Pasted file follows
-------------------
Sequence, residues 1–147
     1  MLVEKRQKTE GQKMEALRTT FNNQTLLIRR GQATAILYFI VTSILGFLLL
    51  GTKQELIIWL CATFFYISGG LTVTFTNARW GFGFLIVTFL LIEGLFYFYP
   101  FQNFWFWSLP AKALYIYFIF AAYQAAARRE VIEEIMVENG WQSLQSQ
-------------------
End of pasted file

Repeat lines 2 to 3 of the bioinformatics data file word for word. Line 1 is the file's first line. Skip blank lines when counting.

     1  MLVEKRQKTE GQKMEALRTT FNNQTLLIRR GQATAILYFI VTSILGFLLL
    51  GTKQELIIWL CATFFYISGG LTVTFTNARW GFGFLIVTFL LIEGLFYFYP